solver.add(Or(
And(c >= ord('0'), c <= ord('9')),
And(c >= ord('A'), c <= ord('Z'))
))
# Update the flag bit vector
flag = flag ^ c
# Add constraint
# The end value of flag has to be 'Z'
solver.add(flag == ord('Z'))
# Check if the set of constraints is satisfiable
if solver.check() == sat:
# Get model and print it nicely
m = solver.model()
s = ''.join(chr(m[c].as_long()) for c in code)
print(f"code = {s}")
```

code = E2JJ4X

Note: If you have ever done any reverse engineering challenge, you might be familiar with reversing key verification algorithms in order to build a key generation algorithm. The nice thing about this SMT solver approach is that you do not need to reverse anything. Rather, just encode the very same verification algorithm as a set of constraints to be satisfied and let the SMT solver generate valid keys for you.

Use the SMT solver to count how many solutions exist for a given set of constraints.

The idea is to run the satisfiability check in a loop, saving (counting) the current solution and adding at each iteration a constraint to exclude it from subsequent iterations.

**Problem 3**

Consider the previous `verify_license`

function.

How many valid *codes* exist that start with `ABCD`

? Print them.

**Solution 3**

In [4]:

```
# ... run previous code ...
# Add the extra constraints
solver.add(code[0] == ord('A'))
solver.add(code[1] == ord('B'))
solver.add(code[2] == ord('C'))
solver.add(code[3] == ord('D'))
# Define a list to hold the valid solutions
s = []
# While the set of constraints is satisfiable
while solver.check() == sat:
# Get model
m = solver.model()
# Save solution
s.append(''.join(
chr(m[c].as_long()) for c in code)
)
# Add constraint
# Exclude current solution
solver.add(
Not(And([c == m[c] for c in code]))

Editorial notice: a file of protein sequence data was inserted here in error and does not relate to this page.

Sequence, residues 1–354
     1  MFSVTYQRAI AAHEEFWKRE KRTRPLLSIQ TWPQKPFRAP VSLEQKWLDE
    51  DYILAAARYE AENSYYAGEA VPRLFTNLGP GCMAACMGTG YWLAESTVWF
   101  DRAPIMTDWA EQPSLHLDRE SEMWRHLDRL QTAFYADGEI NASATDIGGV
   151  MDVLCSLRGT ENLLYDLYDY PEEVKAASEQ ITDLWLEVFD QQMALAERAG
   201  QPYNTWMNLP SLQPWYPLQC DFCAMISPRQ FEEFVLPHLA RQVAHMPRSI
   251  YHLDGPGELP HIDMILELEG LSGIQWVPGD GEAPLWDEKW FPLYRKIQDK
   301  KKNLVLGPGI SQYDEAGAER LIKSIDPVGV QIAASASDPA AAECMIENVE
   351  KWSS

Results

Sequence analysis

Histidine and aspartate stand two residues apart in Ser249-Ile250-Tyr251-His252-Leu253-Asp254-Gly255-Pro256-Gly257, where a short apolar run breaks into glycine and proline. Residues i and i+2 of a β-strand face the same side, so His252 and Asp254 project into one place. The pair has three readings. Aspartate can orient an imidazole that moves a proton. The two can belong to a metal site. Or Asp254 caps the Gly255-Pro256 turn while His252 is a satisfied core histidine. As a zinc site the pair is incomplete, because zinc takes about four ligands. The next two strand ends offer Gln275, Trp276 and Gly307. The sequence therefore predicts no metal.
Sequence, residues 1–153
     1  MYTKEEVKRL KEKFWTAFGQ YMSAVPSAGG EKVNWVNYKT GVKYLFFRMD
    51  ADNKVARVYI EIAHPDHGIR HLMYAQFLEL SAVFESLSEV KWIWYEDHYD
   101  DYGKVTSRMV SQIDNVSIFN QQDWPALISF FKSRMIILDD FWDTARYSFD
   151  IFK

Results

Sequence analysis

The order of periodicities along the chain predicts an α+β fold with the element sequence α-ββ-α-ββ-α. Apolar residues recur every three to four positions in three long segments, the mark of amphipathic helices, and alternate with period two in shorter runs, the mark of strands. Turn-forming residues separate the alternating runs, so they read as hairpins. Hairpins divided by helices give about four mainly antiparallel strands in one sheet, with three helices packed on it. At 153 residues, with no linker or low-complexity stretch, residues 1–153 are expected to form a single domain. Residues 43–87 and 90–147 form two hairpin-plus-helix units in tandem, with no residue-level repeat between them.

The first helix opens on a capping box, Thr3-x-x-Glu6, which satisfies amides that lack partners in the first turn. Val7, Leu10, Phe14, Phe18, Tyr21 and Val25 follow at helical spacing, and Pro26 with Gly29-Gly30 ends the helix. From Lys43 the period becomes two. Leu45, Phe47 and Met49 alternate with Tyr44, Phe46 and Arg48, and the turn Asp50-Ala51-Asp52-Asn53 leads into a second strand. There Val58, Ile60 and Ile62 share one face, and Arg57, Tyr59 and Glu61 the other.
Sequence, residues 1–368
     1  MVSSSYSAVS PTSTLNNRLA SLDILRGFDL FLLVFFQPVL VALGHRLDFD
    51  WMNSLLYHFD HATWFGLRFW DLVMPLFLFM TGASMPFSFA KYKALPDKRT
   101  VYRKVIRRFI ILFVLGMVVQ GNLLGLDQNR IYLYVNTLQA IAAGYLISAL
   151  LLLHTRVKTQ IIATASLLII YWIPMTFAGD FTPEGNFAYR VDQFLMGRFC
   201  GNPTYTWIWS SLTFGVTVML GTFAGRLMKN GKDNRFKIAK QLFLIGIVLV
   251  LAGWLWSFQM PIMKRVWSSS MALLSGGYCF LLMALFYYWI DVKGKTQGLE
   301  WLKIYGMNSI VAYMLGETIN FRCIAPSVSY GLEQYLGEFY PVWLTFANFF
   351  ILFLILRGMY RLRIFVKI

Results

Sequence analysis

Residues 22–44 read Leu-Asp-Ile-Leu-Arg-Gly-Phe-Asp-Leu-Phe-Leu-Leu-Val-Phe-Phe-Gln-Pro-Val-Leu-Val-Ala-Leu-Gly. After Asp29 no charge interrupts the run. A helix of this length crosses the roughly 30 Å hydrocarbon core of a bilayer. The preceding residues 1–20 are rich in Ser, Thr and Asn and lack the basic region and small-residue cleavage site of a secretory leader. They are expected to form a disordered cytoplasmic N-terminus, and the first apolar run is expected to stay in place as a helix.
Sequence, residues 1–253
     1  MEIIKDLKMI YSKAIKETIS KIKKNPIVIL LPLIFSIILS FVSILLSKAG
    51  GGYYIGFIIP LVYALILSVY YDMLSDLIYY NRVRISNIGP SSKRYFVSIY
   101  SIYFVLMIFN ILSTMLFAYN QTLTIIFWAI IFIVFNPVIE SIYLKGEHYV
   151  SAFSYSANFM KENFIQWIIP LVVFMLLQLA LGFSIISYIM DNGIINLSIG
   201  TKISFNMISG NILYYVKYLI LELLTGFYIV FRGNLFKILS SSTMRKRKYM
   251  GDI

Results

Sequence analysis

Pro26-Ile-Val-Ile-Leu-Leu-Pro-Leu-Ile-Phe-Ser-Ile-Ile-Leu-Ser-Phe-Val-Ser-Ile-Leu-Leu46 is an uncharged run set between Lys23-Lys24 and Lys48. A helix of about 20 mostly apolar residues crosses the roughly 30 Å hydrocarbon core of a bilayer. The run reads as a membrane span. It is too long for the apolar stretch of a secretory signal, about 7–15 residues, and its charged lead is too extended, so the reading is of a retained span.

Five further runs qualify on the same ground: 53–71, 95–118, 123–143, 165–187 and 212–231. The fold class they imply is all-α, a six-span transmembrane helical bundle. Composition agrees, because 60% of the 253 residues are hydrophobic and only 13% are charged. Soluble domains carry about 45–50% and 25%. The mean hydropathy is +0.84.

)
# Print the outcome
print(f"{len(s)} valid codes start with ABCD:\n---")
print("\n".join(s))
```

22 valid codes start with ABCD: --- ABCDGX ABCDFY ABCDRM ABCDVI ABCDWH ABCDOP ABCDNQ ABCDJU ABCDZE ABCDXG ABCDHW ABCDIV ABCDKT ABCDLS ABCDTK ABCDEZ ABCDMR ABCDYF ABCDQN ABCDUJ ABCDPO ABCDSL

Use the SMT solver to check if two expressions are semantically equivalent, i.e. whether for every possible (same) input they produce the same output.

The naive approach would be to simply add to the solver a constraint where the two expressions are equated.

```
solver.add(exp1 == exp2)
if (solver.check() == sat): # INCORRECT
```

But beware! This is not correct. Here we are asking the SMT solver whether it exists **some** variable assignment (inputs) to the expressions `exp1`

and `exp2`

such that their output matches. But that is not what we are looking for. We want to check whether the expressions are semantically equivalent, i.e. that their outcome will match for **all** possible inputs.

Instead, we need to use as a constraint that the two expressions are different (i.e. we will ask whether it exists a variable assignment (inputs) such that the two expressions produce a different outcome). Then, we will verify that this constraint is unsatisfiable. This means that there is no way of giving the same input to the expressions and have them produce a different output. In other words, for every possible (same) input they produce the same output, as we want.

```
solver.add(exp1 != exp2)
if (solver.check() == unsat): # CORRECT
```

**Problem 4**